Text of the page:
When I told my friend who is a Hindu that idolatry is wrong, she said that as we Christians take the cross as our representation we take a idol and worship it.  How am I supposed to answer such a question?  Although its not the cross itself that we worship, but it represents faith in what He did on the cross for us.


We need to establish a definition of idolatry that you and your friend can agree on. Otherwise we are arguing about “apples versus oranges,” which is not a useful discussion. Let me propose a definition of idolatry. Idolatry is when a human being worships an object or a “thing” rather than worshipping the Creator or the supernal reality. For a Hindu, this might be to worship using a statue of Ganesh or to pray toward a temple or to rely on a ceremony. For a Christian, it could be going to a shrine to pray at a statue of Mary or of a “saint.” Some people use crosses as physical objects through which to pray to they go to a shrine to touch something, hoping to get healing. This would be idolatry.

What you could say to your friend is that it is a common human frailty/sin to rely on physical objects for worship or to focus on created things which are seen rather than on the abstract “God” or “Brahman.” Both Christianity and Hinduism have included some rather blatant idolatry in their forms of worship. This is particularly obvious in the versions of Christianity known as Roman Catholicism and Orthodox Christianity, but it is not limited to these. Hindu worship in India (as opposed to the kinds of Hinduism generally practiced in the West) is saturated with idolatry. However, to accuse all Hindus of idolatry is not fair. Neither is it fair to say to Christians that the use by some of the cross in Christianity means all Christians are idolaters.

With this ground for discussion, I believe you can show your friend many passages against idolatry, both in the Old and the New Testament. Isaiah went on at length about this. The Ten Commandments are helpful here. Then you can tell her that the early church completely rejected the idolatry which had crept into Judaism (although even the Judaism of the first century was actually much freer of idolatry than ancient Judaism). The cross was not used at all in Christianity as a symbol for at least two hundred years.  Only later did idolatrous practices enter into Christianity.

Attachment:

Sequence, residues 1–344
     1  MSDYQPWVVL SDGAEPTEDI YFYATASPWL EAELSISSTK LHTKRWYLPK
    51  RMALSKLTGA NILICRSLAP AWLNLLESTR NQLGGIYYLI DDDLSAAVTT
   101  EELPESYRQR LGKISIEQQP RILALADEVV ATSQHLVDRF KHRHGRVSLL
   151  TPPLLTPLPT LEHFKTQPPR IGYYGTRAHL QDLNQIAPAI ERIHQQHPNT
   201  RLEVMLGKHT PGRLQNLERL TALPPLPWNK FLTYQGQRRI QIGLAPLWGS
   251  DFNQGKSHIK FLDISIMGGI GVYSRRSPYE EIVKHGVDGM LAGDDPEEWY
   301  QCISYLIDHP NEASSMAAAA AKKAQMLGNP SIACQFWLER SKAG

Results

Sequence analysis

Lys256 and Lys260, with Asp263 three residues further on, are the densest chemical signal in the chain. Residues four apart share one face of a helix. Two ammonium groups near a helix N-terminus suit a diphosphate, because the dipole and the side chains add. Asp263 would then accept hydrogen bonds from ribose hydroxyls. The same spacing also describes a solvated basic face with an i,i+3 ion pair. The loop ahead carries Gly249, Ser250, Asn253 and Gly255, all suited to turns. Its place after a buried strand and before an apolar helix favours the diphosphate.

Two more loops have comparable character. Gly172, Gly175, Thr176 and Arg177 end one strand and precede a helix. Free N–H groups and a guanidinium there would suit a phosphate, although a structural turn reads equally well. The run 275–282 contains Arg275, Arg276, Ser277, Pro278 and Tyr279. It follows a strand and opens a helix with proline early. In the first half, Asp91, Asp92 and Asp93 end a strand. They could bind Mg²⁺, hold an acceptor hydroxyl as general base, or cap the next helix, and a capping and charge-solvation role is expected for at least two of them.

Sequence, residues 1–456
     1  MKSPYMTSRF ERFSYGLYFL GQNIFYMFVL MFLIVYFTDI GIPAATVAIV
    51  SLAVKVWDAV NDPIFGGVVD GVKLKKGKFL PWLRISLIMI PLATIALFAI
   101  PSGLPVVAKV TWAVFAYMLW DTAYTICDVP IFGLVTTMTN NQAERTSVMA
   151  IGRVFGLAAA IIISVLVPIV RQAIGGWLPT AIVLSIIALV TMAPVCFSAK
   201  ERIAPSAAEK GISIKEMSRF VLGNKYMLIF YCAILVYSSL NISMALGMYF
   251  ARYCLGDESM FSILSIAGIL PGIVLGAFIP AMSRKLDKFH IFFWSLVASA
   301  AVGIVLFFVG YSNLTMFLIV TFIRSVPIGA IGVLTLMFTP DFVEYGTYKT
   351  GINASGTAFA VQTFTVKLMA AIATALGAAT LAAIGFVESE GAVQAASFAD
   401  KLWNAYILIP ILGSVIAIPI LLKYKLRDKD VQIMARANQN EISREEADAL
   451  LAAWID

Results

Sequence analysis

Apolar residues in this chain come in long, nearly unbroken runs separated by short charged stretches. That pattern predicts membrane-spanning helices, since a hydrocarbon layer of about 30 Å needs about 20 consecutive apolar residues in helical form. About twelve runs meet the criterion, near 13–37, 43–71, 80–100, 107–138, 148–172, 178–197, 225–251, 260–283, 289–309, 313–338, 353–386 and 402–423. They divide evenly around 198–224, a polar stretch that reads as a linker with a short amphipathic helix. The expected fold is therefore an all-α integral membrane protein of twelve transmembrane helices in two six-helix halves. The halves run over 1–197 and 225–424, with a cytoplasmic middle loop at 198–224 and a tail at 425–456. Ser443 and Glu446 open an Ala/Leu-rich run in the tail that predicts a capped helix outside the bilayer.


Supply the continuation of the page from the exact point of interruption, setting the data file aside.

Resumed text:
You can share your conviction that, as a Christian, you pray to God directly and do not use physical objects of worship. You reject the idolatry of Mary worship or the use of rosaries or crosses as items of adoration.   Hopefully, as a Christian you do not use a cross as a means of worship.  You should instruct her gently, being careful to bear in mind that some Hindus are as vehement against idolatry as we are, even if this is a minority position in India. I believe that if you use humility and wisdom you will be able to help your Hindu friend agree that idolatry is problematic in any religion as it can take focus away from God and turn it toward the physical things.

John Oakes

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